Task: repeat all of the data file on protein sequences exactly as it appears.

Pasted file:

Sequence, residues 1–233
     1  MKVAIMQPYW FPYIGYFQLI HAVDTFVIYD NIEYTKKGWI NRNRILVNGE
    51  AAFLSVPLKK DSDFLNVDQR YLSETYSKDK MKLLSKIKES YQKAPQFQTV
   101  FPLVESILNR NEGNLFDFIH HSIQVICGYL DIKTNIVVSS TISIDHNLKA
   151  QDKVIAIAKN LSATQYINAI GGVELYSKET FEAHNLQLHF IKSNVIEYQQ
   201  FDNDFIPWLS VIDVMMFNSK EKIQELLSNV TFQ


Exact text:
Sequence, residues 1–233
     1  MKVAIMQPYW FPYIGYFQLI HAVDTFVIYD NIEYTKKGWI NRNRILVNGE
    51  AAFLSVPLKK DSDFLNVDQR YLSETYSKDK MKLLSKIKES YQKAPQFQTV
   101  FPLVESILNR NEGNLFDFIH HSIQVICGYL DIKTNIVVSS TISIDHNLKA
   151  QDKVIAIAKN LSATQYINAI GGVELYSKET FEAHNLQLHF IKSNVIEYQQ
   201  FDNDFIPWLS VIDVMMFNSK EKIQELLSNV TFQ